Gradient descent is one of the most popular techniques in Data Science today. Using it, we can find optimal parameters and weights with fairly high accuracy and achieve greater accuracy in predicting data.
For the last decade, Gradient Descent has been a widely used technique for optimizing linear regression models, and with Python it’s easier than ever to implement. Essentially, gradient descent involves iteratively adjusting the coefficients of a linear regression model based on the error between its predictions and training data. In practice, this means gradually stepping towards the optimal set of coefficients that minimizes this error.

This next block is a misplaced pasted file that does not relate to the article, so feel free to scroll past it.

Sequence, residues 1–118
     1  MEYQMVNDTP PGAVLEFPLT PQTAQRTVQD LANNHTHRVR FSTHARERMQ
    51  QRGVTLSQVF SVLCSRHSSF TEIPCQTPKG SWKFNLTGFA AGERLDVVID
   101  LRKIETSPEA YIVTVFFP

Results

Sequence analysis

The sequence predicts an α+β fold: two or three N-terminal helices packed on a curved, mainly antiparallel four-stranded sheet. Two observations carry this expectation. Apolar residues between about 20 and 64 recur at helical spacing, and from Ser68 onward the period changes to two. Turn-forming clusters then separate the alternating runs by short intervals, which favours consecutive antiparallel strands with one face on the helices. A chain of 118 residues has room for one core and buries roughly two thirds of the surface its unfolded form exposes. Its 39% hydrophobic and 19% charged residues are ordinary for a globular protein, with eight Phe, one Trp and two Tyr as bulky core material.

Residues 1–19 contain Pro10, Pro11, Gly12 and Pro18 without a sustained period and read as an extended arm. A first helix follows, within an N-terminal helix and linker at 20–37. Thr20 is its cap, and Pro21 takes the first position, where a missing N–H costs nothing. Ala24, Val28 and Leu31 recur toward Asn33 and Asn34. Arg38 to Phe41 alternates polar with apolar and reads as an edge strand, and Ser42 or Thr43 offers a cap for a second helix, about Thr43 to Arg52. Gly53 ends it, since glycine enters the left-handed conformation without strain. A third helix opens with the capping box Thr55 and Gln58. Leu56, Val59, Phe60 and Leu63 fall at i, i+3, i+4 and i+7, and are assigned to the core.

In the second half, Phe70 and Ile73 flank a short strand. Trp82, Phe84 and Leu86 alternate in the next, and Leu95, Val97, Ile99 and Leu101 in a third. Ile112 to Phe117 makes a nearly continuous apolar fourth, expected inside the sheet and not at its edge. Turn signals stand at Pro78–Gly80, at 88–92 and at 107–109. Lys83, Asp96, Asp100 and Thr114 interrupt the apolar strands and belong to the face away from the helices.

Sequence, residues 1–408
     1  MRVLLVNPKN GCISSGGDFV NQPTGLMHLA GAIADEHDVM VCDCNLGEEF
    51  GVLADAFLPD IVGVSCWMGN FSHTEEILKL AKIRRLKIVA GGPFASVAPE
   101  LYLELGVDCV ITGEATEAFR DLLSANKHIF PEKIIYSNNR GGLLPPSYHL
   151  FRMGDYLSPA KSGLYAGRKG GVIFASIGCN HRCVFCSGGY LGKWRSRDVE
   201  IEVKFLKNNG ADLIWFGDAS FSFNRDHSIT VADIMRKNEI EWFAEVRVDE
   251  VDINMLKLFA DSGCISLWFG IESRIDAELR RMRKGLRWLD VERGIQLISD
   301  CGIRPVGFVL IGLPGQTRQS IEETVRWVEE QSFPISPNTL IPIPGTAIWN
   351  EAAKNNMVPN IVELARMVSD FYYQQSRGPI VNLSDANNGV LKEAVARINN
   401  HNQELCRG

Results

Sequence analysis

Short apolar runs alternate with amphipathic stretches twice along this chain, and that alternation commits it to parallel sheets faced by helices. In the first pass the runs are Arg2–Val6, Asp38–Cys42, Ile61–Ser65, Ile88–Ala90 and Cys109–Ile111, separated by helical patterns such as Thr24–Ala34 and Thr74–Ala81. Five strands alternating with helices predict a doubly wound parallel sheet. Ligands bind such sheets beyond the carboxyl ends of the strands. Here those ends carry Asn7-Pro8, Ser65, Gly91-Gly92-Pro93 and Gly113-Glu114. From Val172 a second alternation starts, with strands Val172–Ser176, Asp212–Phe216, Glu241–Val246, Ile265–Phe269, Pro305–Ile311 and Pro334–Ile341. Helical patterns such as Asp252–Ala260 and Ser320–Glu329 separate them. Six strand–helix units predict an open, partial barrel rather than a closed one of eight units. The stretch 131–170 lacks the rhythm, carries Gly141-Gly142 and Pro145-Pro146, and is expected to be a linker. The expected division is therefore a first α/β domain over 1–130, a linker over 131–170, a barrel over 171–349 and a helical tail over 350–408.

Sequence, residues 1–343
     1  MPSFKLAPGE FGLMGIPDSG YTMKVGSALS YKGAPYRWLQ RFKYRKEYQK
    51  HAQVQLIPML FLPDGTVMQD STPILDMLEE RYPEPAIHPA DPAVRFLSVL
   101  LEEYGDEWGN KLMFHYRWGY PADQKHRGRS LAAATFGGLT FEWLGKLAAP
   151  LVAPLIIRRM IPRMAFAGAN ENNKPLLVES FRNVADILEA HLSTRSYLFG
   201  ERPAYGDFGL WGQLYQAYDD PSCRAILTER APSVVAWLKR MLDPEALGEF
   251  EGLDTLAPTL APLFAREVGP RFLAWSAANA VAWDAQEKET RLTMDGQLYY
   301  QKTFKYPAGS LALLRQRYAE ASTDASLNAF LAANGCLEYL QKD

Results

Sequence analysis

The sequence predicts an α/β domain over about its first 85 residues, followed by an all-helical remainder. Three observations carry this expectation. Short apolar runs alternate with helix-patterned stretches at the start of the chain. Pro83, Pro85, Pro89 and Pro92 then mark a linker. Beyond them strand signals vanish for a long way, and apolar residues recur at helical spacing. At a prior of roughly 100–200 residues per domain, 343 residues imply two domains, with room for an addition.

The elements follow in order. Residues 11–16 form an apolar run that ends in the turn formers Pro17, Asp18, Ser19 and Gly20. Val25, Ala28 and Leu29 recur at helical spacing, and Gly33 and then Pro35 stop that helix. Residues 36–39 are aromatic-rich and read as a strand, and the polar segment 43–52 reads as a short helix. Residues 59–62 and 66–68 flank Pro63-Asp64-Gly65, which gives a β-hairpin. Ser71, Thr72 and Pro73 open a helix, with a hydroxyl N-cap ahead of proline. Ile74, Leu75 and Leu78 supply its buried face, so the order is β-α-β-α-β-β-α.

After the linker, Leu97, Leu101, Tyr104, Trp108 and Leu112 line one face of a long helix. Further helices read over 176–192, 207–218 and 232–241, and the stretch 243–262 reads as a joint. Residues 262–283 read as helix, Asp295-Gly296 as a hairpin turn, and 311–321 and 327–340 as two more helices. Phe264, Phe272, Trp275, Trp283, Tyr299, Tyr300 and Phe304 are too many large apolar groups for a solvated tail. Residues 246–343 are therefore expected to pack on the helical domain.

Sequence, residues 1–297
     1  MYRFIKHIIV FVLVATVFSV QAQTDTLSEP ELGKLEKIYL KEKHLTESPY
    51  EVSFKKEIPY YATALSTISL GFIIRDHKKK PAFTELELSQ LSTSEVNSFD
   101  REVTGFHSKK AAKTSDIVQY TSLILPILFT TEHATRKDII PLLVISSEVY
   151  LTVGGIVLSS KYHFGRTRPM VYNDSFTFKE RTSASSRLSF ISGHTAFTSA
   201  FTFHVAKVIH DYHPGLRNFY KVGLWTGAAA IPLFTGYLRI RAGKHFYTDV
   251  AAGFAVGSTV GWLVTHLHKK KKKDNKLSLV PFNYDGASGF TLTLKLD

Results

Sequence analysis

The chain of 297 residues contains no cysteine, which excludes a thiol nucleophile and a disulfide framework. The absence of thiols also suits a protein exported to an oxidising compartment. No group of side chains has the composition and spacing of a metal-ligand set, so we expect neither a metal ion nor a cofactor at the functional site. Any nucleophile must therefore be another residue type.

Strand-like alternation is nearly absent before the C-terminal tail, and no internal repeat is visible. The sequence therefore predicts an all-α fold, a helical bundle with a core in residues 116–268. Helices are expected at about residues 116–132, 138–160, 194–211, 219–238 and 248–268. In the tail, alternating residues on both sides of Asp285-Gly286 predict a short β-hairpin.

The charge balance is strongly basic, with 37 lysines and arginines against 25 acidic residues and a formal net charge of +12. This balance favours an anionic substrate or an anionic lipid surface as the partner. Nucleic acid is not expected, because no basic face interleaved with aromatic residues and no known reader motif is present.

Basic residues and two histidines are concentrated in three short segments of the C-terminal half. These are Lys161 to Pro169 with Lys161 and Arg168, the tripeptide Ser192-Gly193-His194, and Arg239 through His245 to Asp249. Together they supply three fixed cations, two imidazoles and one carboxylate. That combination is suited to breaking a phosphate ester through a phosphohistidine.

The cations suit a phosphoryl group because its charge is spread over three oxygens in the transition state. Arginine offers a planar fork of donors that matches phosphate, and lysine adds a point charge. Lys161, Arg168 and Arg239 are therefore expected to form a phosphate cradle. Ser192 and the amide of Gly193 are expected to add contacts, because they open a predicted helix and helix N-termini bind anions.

With Python libraries like NumPy and Pandas, implementing gradient descent becomes straightforward. You can easily load in your training data, initialize your model parameters, and run an iterative algorithm that performs the necessary coefficient updates. In spite of its simplicity though, gradient descent remains a powerful tool for optimizing linear regression models, making it an essential technique for any data scientist or machine learning practitioner to have in their toolkit!
Today there are many Python libraries and functions for simple gradient descent calculation. But simplе it’s not always interesting. I was interested in understanding the functions of this algorithm internally, and the link below will give you an inside look at how gradient descent works.